Buying online to avoid state sales tax has been over-turned. I'm less concerned about the fact that people will have to pay the tax as I am on the burden of the seller to be responsible for collecting tax for every jurisdiction in the country. Actually, I don't know if it will apply to local sales tax as well, but this seems like a huge precedent towards that.

This is not a trivial matter. For nearly 15 years, I have been one of the sales tax "experts" in our IT department. We pay nearly $20,000/year to get tax data, updated monthly, for just the 5 states we do business in. It would be just stupid for us to have a person whose job it was to keep us up-to-date with every change that happens in every jurisdiction we deal with. This will be a big business opportunity for someone as every online seller who has managed to keep its shopping cart processing in-house will have to give in and farm out at least the tax portion of it.

South Dakota v. Wayfair, Inc. - Wikipedia
South Dakota v. Wayfair, Inc. was a United States Supreme Court case dealing with the nature of sales tax for purchases made over the Internet. The petitioner, the state of South Dakota, requested the Court abrogate the 1992 decision of Quill Corp. v. North Dakota, which reaffirmed that, under the Dormant Commerce Clause, states may not compel reta...

Hate speed traps and tickets? These people are fighting back.
by InstituteForJustice on YouTube

Law enforcement exists to protect and serve, not tax and spend. But things are different in the city of Doraville, Georgia, a 10,000 person suburb of Atlanta that has become notorious for its revenue-generating speed traps and housing code enforcement cases.

Each year, Doraville budgets between 17 and 30 percent of its overall expected revenue to come from fines and fees issued by its police officers and code inspectors. A 2015 Doraville newsletter bragged that “averaging nearly 15,000 cases and bringing in over $3 million annually,” Doraville’s court system “contributes heavily to the city’s bottom line.”

By putting fine revenue into its annual budget, Doraville creates a perverse incentive for police, prosecutors, and even its municipal court to police for profit, rather than seek justice and protect the health and safety of the city.

Drivers and homeowners know this perversion first hand. A report in a local newspaper found that Doraville issues tickets totaling more than $800 per resident annually, writing upwards of 40 tickets per day. Some residents have been threatened with probation or even jail time for simple code violations.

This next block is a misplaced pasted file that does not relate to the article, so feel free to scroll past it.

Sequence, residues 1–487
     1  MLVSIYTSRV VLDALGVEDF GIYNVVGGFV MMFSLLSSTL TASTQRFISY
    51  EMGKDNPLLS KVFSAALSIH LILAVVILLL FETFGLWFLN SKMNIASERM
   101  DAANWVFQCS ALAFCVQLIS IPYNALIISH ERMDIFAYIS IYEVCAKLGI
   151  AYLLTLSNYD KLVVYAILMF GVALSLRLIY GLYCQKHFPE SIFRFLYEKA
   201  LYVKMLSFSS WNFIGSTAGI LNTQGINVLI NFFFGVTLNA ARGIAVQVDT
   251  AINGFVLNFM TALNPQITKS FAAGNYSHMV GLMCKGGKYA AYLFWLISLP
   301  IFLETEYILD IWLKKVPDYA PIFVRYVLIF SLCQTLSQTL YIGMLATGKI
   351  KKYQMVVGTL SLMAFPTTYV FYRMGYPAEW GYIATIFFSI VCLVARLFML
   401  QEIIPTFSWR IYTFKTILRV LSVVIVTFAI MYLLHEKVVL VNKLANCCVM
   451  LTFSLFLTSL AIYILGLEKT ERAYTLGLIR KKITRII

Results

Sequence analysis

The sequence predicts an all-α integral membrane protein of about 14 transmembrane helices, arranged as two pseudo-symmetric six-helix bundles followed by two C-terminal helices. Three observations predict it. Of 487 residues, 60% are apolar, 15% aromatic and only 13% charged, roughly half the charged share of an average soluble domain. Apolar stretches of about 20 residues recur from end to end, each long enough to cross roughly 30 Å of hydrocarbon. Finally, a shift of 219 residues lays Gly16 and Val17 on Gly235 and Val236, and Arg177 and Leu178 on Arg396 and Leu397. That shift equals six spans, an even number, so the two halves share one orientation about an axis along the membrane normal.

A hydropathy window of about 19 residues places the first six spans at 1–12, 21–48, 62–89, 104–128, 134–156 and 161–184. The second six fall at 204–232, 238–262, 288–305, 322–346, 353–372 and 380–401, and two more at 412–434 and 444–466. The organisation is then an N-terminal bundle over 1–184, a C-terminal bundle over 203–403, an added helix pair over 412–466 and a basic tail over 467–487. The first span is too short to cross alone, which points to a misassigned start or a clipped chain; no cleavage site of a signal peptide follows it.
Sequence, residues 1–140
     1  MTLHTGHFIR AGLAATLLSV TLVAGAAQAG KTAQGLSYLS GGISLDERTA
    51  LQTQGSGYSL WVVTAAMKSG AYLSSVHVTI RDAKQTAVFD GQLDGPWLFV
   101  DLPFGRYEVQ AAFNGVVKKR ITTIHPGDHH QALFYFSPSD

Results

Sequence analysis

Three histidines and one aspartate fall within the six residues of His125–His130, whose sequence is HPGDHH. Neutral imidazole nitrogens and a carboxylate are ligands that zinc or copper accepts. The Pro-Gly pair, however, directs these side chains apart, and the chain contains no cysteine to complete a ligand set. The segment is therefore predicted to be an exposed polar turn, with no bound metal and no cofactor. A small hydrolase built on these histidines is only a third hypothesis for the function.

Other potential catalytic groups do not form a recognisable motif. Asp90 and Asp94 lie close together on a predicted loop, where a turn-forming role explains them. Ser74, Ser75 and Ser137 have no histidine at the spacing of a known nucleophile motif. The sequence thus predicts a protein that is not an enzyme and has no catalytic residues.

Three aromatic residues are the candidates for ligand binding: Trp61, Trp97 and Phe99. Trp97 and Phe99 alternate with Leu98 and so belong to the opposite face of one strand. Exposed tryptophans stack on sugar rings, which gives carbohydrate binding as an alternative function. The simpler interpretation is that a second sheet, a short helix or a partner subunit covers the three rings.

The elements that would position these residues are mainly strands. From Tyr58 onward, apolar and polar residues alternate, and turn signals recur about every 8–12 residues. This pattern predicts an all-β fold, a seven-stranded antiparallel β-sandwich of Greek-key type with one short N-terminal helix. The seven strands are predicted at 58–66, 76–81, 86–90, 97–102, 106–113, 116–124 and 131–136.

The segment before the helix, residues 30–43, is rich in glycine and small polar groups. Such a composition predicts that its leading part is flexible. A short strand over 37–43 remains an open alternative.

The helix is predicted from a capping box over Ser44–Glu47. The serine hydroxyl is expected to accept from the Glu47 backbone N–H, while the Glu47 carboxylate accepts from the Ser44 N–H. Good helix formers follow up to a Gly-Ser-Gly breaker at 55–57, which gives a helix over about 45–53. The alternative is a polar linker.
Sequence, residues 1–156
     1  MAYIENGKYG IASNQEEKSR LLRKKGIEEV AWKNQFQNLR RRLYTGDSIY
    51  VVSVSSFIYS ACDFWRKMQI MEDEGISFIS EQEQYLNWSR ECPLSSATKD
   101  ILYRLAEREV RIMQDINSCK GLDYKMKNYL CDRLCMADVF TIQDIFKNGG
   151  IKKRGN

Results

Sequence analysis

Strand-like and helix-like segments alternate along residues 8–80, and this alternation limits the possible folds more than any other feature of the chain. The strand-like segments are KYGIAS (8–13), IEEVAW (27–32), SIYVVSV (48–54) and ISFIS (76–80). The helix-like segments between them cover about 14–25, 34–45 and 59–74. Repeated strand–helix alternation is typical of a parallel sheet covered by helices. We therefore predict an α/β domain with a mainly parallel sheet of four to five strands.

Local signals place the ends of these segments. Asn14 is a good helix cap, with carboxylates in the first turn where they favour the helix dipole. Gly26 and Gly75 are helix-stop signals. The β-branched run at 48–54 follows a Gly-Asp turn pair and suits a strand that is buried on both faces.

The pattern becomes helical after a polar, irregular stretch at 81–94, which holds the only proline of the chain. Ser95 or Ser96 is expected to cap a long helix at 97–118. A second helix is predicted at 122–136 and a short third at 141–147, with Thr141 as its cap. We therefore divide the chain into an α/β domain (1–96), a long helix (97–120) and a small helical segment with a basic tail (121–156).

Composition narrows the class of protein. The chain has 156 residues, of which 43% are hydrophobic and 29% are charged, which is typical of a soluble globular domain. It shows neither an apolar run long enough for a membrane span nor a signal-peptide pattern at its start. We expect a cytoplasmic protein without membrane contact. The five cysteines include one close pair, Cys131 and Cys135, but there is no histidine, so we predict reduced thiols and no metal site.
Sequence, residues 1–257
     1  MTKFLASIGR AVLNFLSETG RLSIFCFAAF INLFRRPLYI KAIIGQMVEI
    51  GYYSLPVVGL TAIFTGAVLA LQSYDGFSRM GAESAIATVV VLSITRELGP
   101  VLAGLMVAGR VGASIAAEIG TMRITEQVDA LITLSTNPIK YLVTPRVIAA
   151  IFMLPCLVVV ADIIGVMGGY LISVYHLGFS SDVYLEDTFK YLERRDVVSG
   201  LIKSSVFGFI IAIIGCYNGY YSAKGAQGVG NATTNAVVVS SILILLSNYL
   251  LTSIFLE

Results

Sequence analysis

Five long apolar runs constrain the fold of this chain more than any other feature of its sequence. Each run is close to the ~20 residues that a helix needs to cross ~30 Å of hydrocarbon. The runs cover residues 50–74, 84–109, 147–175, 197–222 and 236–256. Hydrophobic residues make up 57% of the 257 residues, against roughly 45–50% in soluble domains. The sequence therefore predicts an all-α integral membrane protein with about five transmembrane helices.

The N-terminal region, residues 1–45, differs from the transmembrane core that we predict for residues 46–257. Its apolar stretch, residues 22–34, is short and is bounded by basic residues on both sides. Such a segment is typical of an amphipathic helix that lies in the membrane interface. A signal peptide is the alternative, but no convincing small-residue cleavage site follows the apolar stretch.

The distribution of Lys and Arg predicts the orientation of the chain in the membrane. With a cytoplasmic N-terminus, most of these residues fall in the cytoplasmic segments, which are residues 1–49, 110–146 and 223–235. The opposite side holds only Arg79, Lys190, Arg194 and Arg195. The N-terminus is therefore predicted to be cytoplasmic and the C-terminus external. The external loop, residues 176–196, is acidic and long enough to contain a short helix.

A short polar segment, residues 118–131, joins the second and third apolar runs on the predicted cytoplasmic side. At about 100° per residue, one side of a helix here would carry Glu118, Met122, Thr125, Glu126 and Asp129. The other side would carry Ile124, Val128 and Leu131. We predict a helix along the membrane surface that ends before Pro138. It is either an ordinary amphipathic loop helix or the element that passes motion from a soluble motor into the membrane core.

The Supreme Court has made it clear that it is unconstitutional for a justice system to be influenced by perverse incentives to raise municipal revenue. That’s why two Doraville homeowners and two Doraville drivers have partnered with the Institute for Justice to shut down Doraville’s unconstitutional practice of policing for profit.
New law: Kansas cops can't have sex during traffic stops

Gov. Jeff Colyer signs a law banning police from having sex with people they stop for traffic violations or investigate in criminal cases.
This is f* funny in so many ways. :-D
If you have ever been curious what it is like to be on the jury of a federal criminal case, you might find this interesting. I think this is the trial being talked about.

Free ThoughtsFree Thoughts wrote the following post Fri, 27 Apr 2018 00:15:00 -0400
Peter Van Doren Vs. MS-13
Peter Van Doren Vs. MS-13

Peter Van Doren joins us again to discuss his time on jury duty.
Why Are Cops Unaccountable? (with Jay Schweikert and Clark Neily)

Jay Schweikert and Clark Neily join us for a conversation on law enforcement and accountability. We also discuss qualified immunity and how technology is helping to combat police misconduct.
 law  podcast
I brought this feed channel back while I was at it.
It's sad that this country has become so nanny-statist that such a law is even required.

Utah’s ‘free-range parenting’ law said to be first in the nation


The bill redefines child neglect to exclude children of “sufficient age” walking to and from school, parks and shops.
 law  kids
  last edited: Mon, 02 Apr 2018 02:07:48 -0400  
So much of this is due to local crime news turning into national crime news (sensationalism sells!), giving the impression that things are getting more and more dangerous, while crime statistics show things are actually getting safer.

And here I am, believing that it is a Swedish problem now that Trump (I will refuse to call him mr but I will restrain from using a mean prefix) have appointed Sweden as a, what was it, chaotic country where people get shoot all the time or something like that.